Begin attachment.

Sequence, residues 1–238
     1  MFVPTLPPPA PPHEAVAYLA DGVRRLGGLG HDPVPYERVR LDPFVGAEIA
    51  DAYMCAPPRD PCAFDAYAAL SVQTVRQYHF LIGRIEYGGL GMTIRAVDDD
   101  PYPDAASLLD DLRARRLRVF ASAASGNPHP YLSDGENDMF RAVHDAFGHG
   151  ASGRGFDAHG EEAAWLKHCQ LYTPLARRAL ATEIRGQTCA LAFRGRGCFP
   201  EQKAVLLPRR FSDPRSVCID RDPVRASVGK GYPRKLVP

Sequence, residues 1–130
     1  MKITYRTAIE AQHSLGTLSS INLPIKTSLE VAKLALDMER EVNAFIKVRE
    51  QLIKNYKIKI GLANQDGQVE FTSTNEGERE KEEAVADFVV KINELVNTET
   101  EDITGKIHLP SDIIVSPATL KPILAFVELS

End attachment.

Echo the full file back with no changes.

Sequence, residues 1–238
     1  MFVPTLPPPA PPHEAVAYLA DGVRRLGGLG HDPVPYERVR LDPFVGAEIA
    51  DAYMCAPPRD PCAFDAYAAL SVQTVRQYHF LIGRIEYGGL GMTIRAVDDD
   101  PYPDAASLLD DLRARRLRVF ASAASGNPHP YLSDGENDMF RAVHDAFGHG
   151  ASGRGFDAHG EEAAWLKHCQ LYTPLARRAL ATEIRGQTCA LAFRGRGCFP
   201  EQKAVLLPRR FSDPRSVCID RDPVRASVGK GYPRKLVP

Sequence, residues 1–130
     1  MKITYRTAIE AQHSLGTLSS INLPIKTSLE VAKLALDMER EVNAFIKVRE
    51  QLIKNYKIKI GLANQDGQVE FTSTNEGERE KEEAVADFVV KINELVNTET
   101  EDITGKIHLP SDIIVSPATL KPILAFVELS